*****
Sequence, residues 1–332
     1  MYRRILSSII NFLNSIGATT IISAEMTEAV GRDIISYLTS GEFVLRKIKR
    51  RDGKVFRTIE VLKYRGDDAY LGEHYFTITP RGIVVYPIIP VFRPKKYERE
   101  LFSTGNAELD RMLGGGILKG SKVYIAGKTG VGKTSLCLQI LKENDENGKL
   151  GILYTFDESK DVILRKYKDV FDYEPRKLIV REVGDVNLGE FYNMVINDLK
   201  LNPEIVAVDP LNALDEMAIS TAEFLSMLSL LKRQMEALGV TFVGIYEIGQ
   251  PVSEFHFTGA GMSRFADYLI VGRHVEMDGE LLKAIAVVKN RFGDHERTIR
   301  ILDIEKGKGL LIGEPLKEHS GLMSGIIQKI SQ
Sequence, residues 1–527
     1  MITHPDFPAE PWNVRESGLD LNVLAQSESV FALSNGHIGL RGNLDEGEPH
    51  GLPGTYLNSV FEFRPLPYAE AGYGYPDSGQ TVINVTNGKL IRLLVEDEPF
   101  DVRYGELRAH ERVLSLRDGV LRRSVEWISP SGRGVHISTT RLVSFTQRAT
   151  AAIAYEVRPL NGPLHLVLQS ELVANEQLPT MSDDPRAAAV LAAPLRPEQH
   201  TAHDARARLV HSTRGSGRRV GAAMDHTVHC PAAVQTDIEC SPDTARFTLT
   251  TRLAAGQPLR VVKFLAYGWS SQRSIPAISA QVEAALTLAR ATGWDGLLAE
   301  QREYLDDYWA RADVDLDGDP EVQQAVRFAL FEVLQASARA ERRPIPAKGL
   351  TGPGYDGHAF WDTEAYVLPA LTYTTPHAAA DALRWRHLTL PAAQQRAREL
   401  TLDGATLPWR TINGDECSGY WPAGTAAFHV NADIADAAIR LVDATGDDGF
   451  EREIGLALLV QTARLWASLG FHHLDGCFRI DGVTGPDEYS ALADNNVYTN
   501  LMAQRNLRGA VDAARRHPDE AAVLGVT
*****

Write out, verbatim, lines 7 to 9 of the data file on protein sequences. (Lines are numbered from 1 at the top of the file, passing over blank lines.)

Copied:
   251  PVSEFHFTGA GMSRFADYLI VGRHVEMDGE LLKAIAVVKN RFGDHERTIR
   301  ILDIEKGKGL LIGEPLKEHS GLMSGIIQKI SQ
Sequence, residues 1–527